FIGURE 4.

Apical Groα, but not IL-8, promotes neutrophil TEM under shear flow. Effects of endothelial overlaid Groα or IL-8 on firm arrest and migratory phenotypes of neutrophils accumulated on HUVEC prestimulated with TNF-α (2 U/ml; 4 h). ∗, p < 0.001, compared with neutrophil TEM in the absence of exogenous chemoattractants. Right panel, Effect of HUVEC-bound PAF, Groα, or IL-8 on firm neutrophil arrest. All experiments were conducted under shear flow as in Fig. 3. Results are the mean ± SEM of five to eight independent experiments.

FIGURE 4.

Apical Groα, but not IL-8, promotes neutrophil TEM under shear flow. Effects of endothelial overlaid Groα or IL-8 on firm arrest and migratory phenotypes of neutrophils accumulated on HUVEC prestimulated with TNF-α (2 U/ml; 4 h). ∗, p < 0.001, compared with neutrophil TEM in the absence of exogenous chemoattractants. Right panel, Effect of HUVEC-bound PAF, Groα, or IL-8 on firm neutrophil arrest. All experiments were conducted under shear flow as in Fig. 3. Results are the mean ± SEM of five to eight independent experiments.

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A major fraction of neutrophils arrested on PAF overlaid on nonactivated or moderately activated HUVEC spread and migrated across it within less than a cell diameter from their original arrest site (supplemental videos 2 and 3). Analysis of neutrophil locomotion over the EC surface at a time frame preceding the first detectable TEM events (Fig. 2,C) unexpectedly revealed that applied shear forces restricted the motility of adherent neutrophils over the PAF-presenting nonactivated HUVEC by up to 3-fold relative to shear-free conditions (Fig. 5,A). These observations collectively argued against a role for shear in transporting neutrophils to sites of diapedesis and suggested a novel mechanoregulatory role for shear flow in modulating β2 integrin-dependent leukocyte associations with apical endothelial surfaces. To gain ultrastructural insights into this phenomenon, we next used electron microscopic analysis of neutrophils arrested on PAF-presenting nonactivated HUVEC and immediately exposed to either shear-free or shear flow conditions. Under shear-free conditions, the vast majority (>80%) of EC-adherent neutrophils remained tethered to the endothelial surface through small microvillar contacts (Fig. 5,BI, arrowheads) or flattened on the endothelial membrane (Fig. 5,BI, asterisks). In contrast, in the presence of shear flow a major fraction of EC-adherent neutrophils extended invaginations into apical endothelial compartments remote from endothelial junctions (Fig. 5, B, II and III; and C, intracellular protrusions). A fraction of these neutrophils simultaneously sent out invaginations through both apical endothelial surfaces and endothelial junctions (Fig. 5,BIII). In addition, neutrophils crossing through endothelial junctions extended small invaginations into these junctions (Fig. 5 BIV). These results suggest that shear-transduced signals rapidly promote neutrophil invaginations into both junctional and nonjunctional PAF-presenting endothelial interfaces during initial stages of TEM.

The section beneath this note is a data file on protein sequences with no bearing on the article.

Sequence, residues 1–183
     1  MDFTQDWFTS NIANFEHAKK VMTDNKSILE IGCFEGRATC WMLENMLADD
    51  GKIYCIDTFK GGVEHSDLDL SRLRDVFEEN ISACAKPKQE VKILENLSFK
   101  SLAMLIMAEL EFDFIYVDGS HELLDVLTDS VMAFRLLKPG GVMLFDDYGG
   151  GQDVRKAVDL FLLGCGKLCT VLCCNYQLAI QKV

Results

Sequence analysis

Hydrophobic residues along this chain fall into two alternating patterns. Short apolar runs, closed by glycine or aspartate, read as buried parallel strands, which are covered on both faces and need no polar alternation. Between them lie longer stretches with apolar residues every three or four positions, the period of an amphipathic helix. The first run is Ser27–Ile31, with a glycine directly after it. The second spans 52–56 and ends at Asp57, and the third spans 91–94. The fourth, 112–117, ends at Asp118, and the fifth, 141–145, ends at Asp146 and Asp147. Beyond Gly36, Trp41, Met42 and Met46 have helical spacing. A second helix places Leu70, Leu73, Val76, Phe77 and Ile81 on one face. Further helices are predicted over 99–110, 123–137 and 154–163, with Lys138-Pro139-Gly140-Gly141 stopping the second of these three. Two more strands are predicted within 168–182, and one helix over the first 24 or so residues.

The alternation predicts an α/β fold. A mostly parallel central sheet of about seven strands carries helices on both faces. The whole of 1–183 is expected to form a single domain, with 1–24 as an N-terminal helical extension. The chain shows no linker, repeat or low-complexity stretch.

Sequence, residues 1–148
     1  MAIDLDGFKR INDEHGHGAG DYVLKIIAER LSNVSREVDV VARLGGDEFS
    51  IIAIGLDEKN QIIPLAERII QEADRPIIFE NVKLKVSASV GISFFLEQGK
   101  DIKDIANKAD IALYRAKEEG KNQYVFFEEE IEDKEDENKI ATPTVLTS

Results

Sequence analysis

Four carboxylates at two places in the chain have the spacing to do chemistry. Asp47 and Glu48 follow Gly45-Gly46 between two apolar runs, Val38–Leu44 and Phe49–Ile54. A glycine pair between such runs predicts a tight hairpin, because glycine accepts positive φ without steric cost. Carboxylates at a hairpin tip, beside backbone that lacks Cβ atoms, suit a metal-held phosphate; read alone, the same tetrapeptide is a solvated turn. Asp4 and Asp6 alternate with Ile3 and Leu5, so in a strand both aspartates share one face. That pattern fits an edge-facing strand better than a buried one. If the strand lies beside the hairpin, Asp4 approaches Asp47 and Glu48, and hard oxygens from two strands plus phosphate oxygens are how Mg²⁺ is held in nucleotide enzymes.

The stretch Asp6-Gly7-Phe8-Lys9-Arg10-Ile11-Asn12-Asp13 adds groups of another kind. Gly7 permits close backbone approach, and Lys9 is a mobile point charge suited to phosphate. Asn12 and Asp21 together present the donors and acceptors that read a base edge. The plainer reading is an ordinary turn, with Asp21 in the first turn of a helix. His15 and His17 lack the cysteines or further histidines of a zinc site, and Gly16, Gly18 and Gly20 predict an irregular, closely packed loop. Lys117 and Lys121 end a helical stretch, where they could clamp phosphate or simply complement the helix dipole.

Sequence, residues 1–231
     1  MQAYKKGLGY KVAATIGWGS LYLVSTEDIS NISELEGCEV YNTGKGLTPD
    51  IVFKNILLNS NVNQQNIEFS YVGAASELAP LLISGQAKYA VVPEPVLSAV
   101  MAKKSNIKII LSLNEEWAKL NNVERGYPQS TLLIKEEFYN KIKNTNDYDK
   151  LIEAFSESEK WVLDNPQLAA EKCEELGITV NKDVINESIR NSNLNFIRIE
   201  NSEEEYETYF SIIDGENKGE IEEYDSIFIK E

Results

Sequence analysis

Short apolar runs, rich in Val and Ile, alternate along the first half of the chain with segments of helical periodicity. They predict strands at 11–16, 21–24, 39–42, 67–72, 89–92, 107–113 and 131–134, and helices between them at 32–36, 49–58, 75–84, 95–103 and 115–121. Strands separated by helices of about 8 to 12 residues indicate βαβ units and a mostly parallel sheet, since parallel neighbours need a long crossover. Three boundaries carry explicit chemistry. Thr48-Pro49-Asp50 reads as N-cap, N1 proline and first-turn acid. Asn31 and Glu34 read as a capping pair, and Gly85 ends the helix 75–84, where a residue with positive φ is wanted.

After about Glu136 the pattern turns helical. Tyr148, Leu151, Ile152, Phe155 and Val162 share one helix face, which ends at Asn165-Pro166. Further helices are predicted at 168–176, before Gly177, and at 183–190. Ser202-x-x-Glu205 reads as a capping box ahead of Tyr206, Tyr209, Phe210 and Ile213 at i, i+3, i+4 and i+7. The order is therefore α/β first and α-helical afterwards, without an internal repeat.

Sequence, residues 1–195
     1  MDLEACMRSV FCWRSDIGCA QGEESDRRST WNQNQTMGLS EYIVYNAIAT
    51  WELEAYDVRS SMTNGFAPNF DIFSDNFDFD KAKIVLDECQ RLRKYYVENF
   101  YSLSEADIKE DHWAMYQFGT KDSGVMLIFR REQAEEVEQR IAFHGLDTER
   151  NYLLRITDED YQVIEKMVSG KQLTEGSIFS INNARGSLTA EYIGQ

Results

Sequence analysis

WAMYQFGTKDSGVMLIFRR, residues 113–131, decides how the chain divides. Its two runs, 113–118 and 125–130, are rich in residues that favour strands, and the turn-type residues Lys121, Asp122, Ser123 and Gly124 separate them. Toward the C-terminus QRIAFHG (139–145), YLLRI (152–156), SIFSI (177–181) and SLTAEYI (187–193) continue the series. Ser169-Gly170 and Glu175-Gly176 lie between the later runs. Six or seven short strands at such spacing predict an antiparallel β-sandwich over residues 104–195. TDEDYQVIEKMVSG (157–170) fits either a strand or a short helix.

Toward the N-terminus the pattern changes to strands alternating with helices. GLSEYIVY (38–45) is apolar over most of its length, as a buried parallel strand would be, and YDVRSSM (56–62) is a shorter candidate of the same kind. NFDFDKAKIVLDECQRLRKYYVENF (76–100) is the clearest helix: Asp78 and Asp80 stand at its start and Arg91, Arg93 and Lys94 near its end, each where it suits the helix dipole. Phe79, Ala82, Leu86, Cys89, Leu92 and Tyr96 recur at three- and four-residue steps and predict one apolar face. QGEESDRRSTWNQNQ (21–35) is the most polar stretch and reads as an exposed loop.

FIGURE 5.